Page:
Synopsis of the Books of the Bible, by John Nelson Darby, [1857-62], at sacred-texts.com
We have now to consider a little the prohibition to which Moses was subjected, not to enter the land of promise. Moses, the man of God, might pronounce the blessings on Israel as in the land; but he himself, as servant of God, belonged to the wilderness. There are more things than one to be weighed here. As to the position of Moses, it was that of the government of a people, placed under the principles of Sinai; that is, while under the government of God, it was in the flesh that His people were subjected to that government (compare Rom 9:5, where the subject is fully discussed).
Now, man in the flesh, under the government of God, cannot come into the enjoyment of the promise. This is true even of a Christian. Risen with Christ, he is seated in the heavenly places, he enjoys the promise in the presence of God; or, at least, his affections look up there, his life is hid there with Christ; [See Note #1] but, as a man upon earth, he is under the government of God, who acts towards him according to the manifestation of the spiritual life here below; and Christ is between him and God, exercising priesthood and advocacy, which do not establish righteousness (that is done once for all), but which maintain the relationship of weak men with God in the light-to the fellowship of which they are called in Christ who is in it-by obtaining mercy and grace to help in time of need so that they should not fall, or to restore them if they do, through the advocacy by the operation of the Spirit upon earth. Crossing Jordan was our death and resurrection with Christ in a figure. Joshua always represents Christ, Head of His people, according to the power of the Spirit. But the wilderness is this world. Moses directs and governs the people there according to God; consequently he does not enter into Canaan.
The difference (we shall dwell on that more at length when we study the Book of Joshua) between the Red Sea and Jordan is, that the Red Sea was the efficacy of redemption through the death and resurrection of Christ Himself, and we are viewed, withal, in Him; Jordan was the application of it to the soul, as having died with Him in order to the enjoyment of the promises. The passage of the Red Sea was followed by songs of joy; that of Jordan, by conflict and the realisation of the promises.
As to Moses himself, personally, the fault which precluded his entrance into the land is well known. Provoked by the rebellion of Israel, and wearied with caring for the people, instead of exalting God in the eyes of Israel, he exalted himself. He made use of the gift of God for that purpose; he did not sanctify Jehovah in the eyes of the people; he did not give Him His place. God does not become weary in His goodness; and thus acting in discipline, for the good of His people, according to His majesty, He can always fall back upon those ways of direct blessing which flow from His unfailing grace. Man wearied with the evil that vexes him, tries to exalt himself, to put himself above the evil, and to shelter himself from it, because he is not above it. He no longer glorifies God; he exalts himself and he is abased. If Moses, instead of acting according to the flesh, had remembered that it was not he or his glory which was in question (and how often had he himself told them so!) but God, he would have felt that the people could not touch the glory of God; and this unfailing glory would have sustained him, looking only at that glory which ever maintains itself; so that if we only seek to maintain it, we may rest upon it. But he lacked faith, and was forbidden to enter into that which only the perfection of glory could open to men; and, indeed, what could lead Israel safely through the desert and into the land of Canaan? Pure grace alone. Moses was not able to apprehend the height of the grace that conquers everything. It was according to that grace, as we have seen, that God acted at Meribah.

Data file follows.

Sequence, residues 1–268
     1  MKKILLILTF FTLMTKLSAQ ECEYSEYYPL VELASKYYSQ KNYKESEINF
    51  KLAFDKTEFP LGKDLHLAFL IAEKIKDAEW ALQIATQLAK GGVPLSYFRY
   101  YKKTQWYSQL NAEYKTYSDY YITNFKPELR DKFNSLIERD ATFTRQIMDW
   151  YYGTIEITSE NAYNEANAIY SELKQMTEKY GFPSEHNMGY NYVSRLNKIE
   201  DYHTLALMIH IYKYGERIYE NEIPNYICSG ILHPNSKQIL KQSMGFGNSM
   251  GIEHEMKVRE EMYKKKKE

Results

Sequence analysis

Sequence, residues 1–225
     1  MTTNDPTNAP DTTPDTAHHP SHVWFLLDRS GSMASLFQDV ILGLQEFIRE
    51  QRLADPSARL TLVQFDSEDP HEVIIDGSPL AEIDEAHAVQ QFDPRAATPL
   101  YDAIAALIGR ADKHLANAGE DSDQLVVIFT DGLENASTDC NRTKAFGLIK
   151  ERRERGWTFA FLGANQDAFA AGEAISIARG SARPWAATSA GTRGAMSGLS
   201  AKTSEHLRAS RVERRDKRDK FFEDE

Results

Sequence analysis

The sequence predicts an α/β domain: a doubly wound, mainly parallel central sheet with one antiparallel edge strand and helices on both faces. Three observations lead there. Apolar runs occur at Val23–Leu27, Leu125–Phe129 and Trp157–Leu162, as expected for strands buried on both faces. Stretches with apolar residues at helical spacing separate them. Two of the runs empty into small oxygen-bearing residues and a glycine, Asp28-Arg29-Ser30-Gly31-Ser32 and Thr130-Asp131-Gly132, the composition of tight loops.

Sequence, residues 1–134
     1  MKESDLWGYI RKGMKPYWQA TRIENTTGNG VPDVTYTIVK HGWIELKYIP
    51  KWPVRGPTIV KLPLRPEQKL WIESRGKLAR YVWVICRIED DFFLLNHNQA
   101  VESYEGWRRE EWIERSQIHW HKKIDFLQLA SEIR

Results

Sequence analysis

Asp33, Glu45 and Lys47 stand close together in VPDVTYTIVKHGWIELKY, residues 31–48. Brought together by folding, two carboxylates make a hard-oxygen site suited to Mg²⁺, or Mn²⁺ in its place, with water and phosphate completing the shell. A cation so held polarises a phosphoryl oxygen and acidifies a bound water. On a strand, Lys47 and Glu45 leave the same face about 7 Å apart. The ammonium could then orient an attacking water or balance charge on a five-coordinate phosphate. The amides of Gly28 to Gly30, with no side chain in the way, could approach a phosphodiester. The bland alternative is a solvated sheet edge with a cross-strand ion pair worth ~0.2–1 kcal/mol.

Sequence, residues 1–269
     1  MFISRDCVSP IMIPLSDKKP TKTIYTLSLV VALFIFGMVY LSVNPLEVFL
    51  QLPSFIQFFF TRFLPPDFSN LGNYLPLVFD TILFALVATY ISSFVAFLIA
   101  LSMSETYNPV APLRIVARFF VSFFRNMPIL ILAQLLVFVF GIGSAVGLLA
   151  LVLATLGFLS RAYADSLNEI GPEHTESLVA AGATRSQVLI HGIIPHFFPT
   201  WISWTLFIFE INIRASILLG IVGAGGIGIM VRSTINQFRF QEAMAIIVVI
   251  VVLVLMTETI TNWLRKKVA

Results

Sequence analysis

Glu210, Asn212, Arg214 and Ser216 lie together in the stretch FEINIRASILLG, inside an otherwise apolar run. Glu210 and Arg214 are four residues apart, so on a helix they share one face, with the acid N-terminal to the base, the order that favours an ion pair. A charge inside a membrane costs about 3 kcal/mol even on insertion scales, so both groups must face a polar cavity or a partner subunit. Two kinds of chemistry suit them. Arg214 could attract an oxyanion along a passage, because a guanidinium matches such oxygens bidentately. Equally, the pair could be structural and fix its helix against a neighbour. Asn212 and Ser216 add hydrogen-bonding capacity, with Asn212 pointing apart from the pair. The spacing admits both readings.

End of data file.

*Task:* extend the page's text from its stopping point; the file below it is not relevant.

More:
Now, the law could not lead into life; and, therefore, the flesh, the world, and the law, ever correlative in the ways of God, were found in the journey through the wilderness; and Moses remains there. He might, as a man of God and a prophet, tell of grace, as making sure the blessing of Israel (Deu 33:26-29). Faithful in all his house, as a servant, he remains on this side Jordan; a proof, in these touching circumstances, that an absolutely new creation is needed to enjoy the promises of God, according to that grace which can alone, after all, bring one in safety even through the wilderness-the unfailing grace of our God.
Moses dies, and, buried by Jehovah, does not serve as an object of carnal veneration to a people at all times ready to fall into this sin, when his name gave them honour according to the flesh; just as they continually opposed him, when his presence according to God thwarted the flesh. He was a man honoured of God, who scarcely had his equal (He of course excepted who had none); but nevertheless he was man, and man is but vanity.
The former is the teaching of the Ephesians, the second, of the Colossians. In the former, dead in sin, he is raised up and set in Christ in heavenly places. It is a new creation. In the latter, he has died to sin and is risen, with Christ, and his affections are to be set on heavenly things. In this last epistle he is viewed also as dead in sins and quickened together with Christ, but not as sitting in heavenly places.